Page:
Last weekend, I was invited to join the Final Fantasy XIV: A Realm Reborn Beta. Sadly, I was unable to spend more than a couple of hours with it. But that was enough time to glean a decent amount of details; details that improve this over the games abysmal and dreadful original 2010 release. Final Fantasy XIV: A Realm Reborn Beta has seen various improvements to the combat system, user interface, and most importantly, gameplay. Joining a party is no longer a hassle and is nearly effortless. There are a laundry list of improvements that really flesh out Final Fantasy XIV: A Realm Reborn Beta and convey the original vision of the game.
Graphically, this is easily one of the best looking MMO’s ever, much like when Final Fantasy XI was released. The art team put plenty of work into the highly detailed landscapes and textures. Running through a forest evokes a sense of wonder and claustrophobia as you’re surrounded by marsh and trees. It’s alive with creatures, too. Cities bustle with activity. Gridania, the city in which I began my adventure, blended into its natural surroundings; huge trees nest buildings, and grass runs along the roads. It’s quite a sight to behold.
Character models are impressive, as are the armors they sport. During the character creation process, you can adjust numerous details — much more than what you could in Final Fantasy XI. Everything from jawlines to hairlines can be adjusted to your liking. Character creation also lets you glimpse classes and high-level armor, all armor sets have eloquent details. The Bard’s armor for example is a beautiful cloth suit that is both bright and fashionable.
The battle system has been revamped, and distance now matters more than ever. As an archer, I gained a advantage over melee enemies. I attacked them while they travelled to engage me, which ended most battles before they truly began. Abilities are now mapped to the number keys, so you no longer have to set up attack macros. While grinding experience chains is easier to perform than before, you no longer have to spend 10 minutes in battle and 15 minutes healing like in Final Fantasy XI or the original Final Fantasy XIV. Now you can chain enemies at any level and no longer have to rest in between battles. Also, you automatically regenerate health and mana the second you leave combat. Traveling has been made easier, too. You can still ride Final Fantasy‘s trademark Chocobos, but there’s a new sprint ability that helps you get from place to place in timely manner.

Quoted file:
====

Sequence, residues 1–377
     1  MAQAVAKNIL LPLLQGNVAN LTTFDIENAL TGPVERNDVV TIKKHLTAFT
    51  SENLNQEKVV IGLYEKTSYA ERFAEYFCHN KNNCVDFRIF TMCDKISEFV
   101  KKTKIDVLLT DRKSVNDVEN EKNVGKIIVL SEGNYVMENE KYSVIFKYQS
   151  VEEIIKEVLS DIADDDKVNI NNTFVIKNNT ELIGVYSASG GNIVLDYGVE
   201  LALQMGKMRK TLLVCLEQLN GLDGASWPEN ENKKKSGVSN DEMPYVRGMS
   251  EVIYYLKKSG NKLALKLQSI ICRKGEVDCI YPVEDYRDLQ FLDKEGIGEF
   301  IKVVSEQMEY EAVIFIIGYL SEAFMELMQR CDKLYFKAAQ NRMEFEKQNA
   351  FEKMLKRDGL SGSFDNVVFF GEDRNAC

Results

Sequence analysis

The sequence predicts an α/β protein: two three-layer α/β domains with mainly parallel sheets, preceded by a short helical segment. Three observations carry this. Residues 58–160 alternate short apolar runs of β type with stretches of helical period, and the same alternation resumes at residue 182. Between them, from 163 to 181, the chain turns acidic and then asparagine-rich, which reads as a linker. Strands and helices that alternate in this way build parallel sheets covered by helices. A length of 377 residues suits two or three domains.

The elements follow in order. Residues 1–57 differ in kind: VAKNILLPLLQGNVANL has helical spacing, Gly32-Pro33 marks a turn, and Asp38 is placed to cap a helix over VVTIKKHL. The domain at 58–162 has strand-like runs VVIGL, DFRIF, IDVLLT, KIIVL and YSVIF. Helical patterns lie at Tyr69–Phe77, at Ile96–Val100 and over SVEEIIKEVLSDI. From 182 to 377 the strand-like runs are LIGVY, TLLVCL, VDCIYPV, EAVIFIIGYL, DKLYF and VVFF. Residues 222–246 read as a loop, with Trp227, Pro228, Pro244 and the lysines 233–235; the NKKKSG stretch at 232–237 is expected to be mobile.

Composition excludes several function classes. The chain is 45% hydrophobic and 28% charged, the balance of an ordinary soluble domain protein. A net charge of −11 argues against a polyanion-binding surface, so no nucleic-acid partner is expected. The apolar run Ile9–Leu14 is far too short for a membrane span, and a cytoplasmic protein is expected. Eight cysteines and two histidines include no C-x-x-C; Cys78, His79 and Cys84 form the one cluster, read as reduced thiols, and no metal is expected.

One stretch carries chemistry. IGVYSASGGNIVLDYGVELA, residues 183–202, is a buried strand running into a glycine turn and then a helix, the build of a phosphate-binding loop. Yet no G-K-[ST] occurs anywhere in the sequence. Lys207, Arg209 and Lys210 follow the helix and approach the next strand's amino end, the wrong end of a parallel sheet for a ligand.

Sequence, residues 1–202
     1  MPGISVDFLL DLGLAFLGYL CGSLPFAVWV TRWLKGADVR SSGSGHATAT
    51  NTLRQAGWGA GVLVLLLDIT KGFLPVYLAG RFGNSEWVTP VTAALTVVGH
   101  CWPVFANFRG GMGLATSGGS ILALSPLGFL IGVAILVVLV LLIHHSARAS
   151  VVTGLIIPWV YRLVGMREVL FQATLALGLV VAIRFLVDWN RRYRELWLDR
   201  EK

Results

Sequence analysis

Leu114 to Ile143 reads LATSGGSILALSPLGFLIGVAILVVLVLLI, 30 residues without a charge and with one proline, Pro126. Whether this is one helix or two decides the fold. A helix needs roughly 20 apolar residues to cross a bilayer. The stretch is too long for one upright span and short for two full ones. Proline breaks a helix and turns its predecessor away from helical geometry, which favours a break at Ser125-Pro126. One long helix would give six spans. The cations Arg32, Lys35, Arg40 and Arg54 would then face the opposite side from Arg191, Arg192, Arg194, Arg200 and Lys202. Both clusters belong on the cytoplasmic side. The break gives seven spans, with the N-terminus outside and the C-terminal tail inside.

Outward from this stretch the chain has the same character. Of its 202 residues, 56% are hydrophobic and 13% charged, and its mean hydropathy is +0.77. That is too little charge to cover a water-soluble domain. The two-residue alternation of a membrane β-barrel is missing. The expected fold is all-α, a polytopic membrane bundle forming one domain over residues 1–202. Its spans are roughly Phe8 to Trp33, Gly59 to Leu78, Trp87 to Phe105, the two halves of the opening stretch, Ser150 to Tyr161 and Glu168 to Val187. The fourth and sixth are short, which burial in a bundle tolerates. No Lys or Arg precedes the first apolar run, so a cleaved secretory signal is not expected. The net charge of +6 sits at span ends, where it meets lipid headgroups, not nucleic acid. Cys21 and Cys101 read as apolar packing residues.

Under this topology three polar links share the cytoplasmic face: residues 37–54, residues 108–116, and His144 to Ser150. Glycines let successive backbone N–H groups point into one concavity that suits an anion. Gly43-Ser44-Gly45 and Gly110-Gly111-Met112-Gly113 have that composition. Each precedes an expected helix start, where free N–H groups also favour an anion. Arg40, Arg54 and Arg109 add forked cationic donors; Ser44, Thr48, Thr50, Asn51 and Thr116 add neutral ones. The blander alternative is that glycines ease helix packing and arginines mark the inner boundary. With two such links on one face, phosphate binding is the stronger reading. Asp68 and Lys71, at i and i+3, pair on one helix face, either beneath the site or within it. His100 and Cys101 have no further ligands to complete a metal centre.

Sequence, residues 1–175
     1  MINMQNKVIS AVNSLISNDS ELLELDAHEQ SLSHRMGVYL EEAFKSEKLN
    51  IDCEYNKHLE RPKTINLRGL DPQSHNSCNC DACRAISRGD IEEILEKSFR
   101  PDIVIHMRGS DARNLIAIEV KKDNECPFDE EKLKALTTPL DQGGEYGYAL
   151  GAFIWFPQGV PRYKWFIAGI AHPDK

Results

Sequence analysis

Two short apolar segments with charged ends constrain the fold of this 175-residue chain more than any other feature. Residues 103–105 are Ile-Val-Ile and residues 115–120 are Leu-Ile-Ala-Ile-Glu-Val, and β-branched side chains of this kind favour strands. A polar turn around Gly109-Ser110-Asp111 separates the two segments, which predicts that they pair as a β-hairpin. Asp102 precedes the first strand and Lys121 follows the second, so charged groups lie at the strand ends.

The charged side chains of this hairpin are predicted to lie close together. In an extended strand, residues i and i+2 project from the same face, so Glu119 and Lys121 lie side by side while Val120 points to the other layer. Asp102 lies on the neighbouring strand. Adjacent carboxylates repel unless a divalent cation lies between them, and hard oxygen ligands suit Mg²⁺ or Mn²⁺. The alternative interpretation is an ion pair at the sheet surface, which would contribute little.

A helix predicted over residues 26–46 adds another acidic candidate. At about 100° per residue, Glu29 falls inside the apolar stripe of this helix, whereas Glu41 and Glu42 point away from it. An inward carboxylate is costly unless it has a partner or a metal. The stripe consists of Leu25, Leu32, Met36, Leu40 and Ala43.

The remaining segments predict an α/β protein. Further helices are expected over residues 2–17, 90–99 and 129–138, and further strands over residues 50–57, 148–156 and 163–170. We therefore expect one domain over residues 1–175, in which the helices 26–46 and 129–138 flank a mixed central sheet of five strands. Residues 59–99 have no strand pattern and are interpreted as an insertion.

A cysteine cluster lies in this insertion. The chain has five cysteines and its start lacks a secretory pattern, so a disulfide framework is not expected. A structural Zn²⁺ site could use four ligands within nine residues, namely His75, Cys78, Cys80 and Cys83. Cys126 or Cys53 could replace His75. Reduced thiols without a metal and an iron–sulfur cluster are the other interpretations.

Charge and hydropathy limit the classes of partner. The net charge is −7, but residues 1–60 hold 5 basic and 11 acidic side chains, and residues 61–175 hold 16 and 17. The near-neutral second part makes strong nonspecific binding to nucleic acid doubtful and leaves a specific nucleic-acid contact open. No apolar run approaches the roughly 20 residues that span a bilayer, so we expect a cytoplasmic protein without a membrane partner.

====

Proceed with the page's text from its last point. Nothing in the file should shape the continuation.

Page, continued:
The quests system has also been improved; gone are the days of wandering around wasting precious time searching for a random NPC. You now have a quest marker on your mini-map that you can easily follow — it points you in the direction of your objective(s). During monster killing quests, you have a counter which keeps track and your map points you to the monsters vicinity. Hardcore players are probably groaning in disappointment, but they shouldn’t. This casualization has been made in order to breeze players through leveling and involve them in the more important things like the story quests and high level content. Enemy encounters are by no means a breeze and do require a bit of skill. I’ve heard from high level players that there’s an in-depth crafting system that requires time and patience, so if you love the grind, you’ll still find it in the game.
Much like Guild Wars 2 and other recent MMOs, Final Fantasy XIV: A Realm Reborn Beta has included a real-time events that throw players into huge battles at any given time. As I fought off Fungar, a prompt appeared and introduced Fate events. The Fate System is a random real-time event against NPC enemies. The first Fate event had fellow adventurers and I fight off a stronger breed of Fungar which were higher level than the normal and far more deadlier. At the end of the huge battle, I was treated to a few items for participating. It was a good change of pace that changes the flow of adventuring and keeps things fresh. From what I was told, it seems like every area will have these battles randomly mixed in with different item drops depending on the difficulty.
Sadly, my time with Final Fantasy XIV: A Realm Reborn Beta ended as briefly as it began, but the improvements were instantly noticeable — I was left itching for more play time. The game would be more accessible if it were free-to-play, but Square is sticking to its subscription based model which will cost players $14.99 per month. As other MMO’s continue to go free to play it’s quite interesting to see Square not budge as it might cost them some players. Another Beta will start before the game’s release so expect another hands-on impression before our huge review.